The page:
Nicola Sturgeon has said she “can’t find the words” to sum up her sorrow for those who have died in Scottish care homes and their families.
Scottish Labour leader Richard Leonard asked her about the issue at First Minister’s Questions on Wednesday, giving the example of a woman who was diagnosed with Covid-19 after being moved to a Midlothian care home.
Margaret Laidlaw was not taken from her care home to a hospital because of Scottish Government policy, he said, and she died a few weeks later aged 65.
Mr Leonard said: “Her family are angry. They want to know why – why the care home was so unprepared and they want to know why hospital care was not available.
“Sadly Margaret’s story has been all too common.”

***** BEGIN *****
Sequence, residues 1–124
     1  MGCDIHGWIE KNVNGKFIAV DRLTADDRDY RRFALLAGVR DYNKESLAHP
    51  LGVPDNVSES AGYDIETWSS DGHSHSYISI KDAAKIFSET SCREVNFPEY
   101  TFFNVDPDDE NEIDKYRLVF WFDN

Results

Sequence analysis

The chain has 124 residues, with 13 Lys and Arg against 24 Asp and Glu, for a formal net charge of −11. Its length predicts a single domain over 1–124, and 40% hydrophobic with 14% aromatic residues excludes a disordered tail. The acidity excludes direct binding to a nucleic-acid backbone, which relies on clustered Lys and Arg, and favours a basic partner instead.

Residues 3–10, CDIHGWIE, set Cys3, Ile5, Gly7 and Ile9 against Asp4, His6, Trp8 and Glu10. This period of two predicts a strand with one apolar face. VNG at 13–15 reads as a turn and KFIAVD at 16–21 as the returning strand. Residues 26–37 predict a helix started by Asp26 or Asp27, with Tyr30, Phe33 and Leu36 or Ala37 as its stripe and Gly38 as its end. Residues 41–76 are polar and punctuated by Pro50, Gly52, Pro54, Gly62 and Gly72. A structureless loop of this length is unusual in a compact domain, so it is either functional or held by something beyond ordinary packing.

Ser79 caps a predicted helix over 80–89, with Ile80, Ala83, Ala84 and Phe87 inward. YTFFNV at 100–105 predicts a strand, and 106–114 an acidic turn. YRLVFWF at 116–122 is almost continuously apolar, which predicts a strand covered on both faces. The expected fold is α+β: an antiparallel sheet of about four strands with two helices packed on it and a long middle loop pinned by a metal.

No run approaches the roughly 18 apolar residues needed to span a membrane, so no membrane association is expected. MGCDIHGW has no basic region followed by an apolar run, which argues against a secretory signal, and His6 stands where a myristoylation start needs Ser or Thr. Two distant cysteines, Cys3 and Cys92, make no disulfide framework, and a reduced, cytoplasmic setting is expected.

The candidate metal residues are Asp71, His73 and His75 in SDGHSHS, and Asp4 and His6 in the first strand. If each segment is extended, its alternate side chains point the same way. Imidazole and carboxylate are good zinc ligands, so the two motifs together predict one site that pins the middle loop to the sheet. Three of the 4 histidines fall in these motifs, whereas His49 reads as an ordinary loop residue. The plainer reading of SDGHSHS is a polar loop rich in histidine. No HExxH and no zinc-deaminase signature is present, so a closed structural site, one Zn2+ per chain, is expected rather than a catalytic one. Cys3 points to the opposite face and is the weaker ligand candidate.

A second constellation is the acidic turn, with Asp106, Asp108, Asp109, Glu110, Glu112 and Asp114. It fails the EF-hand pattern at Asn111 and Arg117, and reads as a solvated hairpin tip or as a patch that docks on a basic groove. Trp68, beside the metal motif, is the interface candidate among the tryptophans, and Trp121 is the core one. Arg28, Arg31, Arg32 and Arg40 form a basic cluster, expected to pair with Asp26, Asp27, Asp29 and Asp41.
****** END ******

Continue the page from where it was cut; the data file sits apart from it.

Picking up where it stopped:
Responding, the First Minister said: “I can’t find the words to adequately sum up the sense of sorrow I feel and the depth of my condolences to them.”
She said she could not comment on individual cases without knowing the full details but agreed “families have a right to answers.”
Ms Sturgeon said: “They have a right to know what happened in the case of their loved ones and they have a right to question things that were done and not done.
“I have a very deep and strong commitment to doing what is required to facilitate that process.”
Ms Sturgeon said clinicians decided on the best place of care for patients, which would be care homes for many older people.
Mr Leonard responded that he had a copy of the clinical guidance, which gave advice saying residents in long-term care should be managed within their current setting rather than hospital.
He said: “That’s been one of the greatest scandals of this pandemic … we can’t allow a second wave to result in a second scandal.”
The First Minister said clinical advice had been prepared independently of ministers “to cover the generality of a situation” but individual clinicians will always make the ultimate decision on what is best for a patient.